Managing these assets using Axon Air, the security team flew over 150 missions over five days, detected unauthorized drone incursions, and caught several fence jumpers. The fence jumpers didn’t even need to be confronted by security officers. Once they recognized they had been identified by the drones, they surrendered and withdrew, illustrating how proper drone usage can swiftly de-escalate incidents.
Police drone facts that may surprise you
Drones can be used to de-escalate
Apprehending barricaded suspects is one of the most complicated and dangerous scenarios in policing. Drones can be deployed to aid in this mission in a variety of ways.
Police in Emeryville, CA used a drone to help apprehend a suspect who had entered a hotel lobby waving a shotgun in May of 2022. A standoff ensued, with the man threatening hotel staff and guests. After the man disappeared from police view, the Alameda County Sheriff’s Department deployed a drone to breach the hotel and locate him. He was found asleep on a sofa and apprehended.
Also in 2022, police in Madison, WI used a drone to breach a movie theater where five teenage grand theft auto suspects were hiding. The teens had fled the scene of an accident involving a stolen vehicle. Police discovered a firearm at the scene and pursued the teens. Witnesses observed the teenagers entering a movie theater. Madison SWAT deployed the drone to search the premises and discovered the suspects hiding behind a movie screen. They were apprehended.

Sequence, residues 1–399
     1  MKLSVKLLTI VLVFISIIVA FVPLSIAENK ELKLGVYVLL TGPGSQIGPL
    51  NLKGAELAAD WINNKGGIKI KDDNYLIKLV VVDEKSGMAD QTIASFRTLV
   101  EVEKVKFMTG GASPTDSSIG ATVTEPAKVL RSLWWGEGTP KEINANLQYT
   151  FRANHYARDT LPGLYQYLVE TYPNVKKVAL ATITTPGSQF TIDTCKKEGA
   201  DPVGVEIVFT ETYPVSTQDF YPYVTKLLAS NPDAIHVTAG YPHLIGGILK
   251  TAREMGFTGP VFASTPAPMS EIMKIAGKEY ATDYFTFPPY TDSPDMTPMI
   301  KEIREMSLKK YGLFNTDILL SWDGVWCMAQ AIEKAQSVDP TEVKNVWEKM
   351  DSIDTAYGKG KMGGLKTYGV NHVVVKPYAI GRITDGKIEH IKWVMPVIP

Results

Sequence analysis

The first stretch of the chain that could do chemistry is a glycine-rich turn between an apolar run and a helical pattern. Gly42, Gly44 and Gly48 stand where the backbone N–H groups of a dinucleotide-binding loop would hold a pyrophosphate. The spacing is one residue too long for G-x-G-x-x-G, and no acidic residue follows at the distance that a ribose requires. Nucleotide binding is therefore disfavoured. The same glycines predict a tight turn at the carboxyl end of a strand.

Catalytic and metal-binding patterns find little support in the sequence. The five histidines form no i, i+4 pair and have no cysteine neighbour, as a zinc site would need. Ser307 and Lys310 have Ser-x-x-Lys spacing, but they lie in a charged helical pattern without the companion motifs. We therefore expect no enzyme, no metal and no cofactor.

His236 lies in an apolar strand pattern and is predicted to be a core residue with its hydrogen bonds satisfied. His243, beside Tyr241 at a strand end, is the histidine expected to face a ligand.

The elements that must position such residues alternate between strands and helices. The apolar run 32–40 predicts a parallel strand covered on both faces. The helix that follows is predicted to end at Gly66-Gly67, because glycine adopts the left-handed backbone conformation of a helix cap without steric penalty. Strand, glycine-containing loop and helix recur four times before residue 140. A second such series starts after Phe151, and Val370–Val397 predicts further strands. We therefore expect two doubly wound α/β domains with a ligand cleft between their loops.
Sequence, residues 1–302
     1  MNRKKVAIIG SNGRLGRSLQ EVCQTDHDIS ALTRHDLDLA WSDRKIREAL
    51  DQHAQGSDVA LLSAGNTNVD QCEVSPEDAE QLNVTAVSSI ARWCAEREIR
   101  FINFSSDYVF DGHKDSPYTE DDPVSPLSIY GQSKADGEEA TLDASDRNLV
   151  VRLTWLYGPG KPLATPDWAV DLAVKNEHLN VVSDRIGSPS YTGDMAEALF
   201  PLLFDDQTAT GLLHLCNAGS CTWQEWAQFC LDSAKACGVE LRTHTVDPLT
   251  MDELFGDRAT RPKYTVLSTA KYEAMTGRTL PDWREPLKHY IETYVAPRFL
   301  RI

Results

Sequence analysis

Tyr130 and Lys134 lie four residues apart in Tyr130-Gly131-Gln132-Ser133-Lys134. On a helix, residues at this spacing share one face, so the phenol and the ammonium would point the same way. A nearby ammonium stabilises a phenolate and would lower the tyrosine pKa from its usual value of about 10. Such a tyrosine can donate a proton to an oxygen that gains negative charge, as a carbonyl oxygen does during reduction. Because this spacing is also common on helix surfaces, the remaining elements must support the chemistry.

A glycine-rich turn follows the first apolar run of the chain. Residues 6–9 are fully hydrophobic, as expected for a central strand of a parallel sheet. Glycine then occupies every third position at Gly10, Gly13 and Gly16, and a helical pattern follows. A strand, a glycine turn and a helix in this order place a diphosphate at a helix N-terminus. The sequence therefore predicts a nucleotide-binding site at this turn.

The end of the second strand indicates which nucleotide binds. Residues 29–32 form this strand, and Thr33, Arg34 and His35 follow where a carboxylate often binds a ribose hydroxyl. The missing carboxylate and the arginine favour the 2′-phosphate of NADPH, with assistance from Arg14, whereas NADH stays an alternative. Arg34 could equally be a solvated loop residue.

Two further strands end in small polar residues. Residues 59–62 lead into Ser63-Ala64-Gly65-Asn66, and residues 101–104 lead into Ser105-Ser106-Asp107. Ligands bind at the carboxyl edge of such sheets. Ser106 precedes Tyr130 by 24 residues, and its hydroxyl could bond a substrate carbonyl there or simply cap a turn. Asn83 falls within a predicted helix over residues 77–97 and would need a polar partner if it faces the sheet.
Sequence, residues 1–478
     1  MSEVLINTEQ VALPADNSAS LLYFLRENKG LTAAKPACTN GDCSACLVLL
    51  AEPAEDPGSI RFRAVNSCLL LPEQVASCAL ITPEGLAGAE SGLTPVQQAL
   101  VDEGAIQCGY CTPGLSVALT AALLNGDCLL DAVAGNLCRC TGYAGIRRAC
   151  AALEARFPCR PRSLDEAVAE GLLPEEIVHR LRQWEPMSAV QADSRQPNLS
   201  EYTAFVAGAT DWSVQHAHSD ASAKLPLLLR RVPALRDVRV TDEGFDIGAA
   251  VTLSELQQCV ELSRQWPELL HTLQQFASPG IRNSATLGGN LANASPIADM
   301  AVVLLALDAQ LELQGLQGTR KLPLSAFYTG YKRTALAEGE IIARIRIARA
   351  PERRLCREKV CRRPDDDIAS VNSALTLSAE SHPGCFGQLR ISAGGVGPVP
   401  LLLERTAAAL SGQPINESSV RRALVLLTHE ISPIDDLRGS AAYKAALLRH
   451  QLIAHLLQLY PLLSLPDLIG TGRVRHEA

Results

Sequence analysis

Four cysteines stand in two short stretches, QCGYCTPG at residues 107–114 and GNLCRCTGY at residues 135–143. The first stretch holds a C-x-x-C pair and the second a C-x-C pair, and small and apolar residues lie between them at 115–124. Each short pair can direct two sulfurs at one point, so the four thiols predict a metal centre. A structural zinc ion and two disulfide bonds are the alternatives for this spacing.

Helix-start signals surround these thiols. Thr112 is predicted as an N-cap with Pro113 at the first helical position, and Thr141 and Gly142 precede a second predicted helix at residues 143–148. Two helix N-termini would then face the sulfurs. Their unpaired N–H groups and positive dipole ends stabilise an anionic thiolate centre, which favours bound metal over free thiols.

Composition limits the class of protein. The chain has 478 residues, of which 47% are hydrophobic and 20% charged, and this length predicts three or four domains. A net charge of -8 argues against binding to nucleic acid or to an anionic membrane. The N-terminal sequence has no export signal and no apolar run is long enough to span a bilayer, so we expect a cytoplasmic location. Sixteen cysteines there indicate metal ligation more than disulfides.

Axon recently acquired Sky-Hero, a leading Brussels-based innovator in tactical drones and ground vehicles primarily focused on indoor use cases. Sky-Hero drones can be equipped with light or noise-emitting devices that can be used to distract or confuse suspects, allowing for non-violent de-escalation of situations and the safe entry of officers.
Autonomous drones are the future
Drones are already helping save police officer lives by going where it would be dangerous for officers to go themselves. But even the best drones still require an officer or pilot to be at the controls – for now.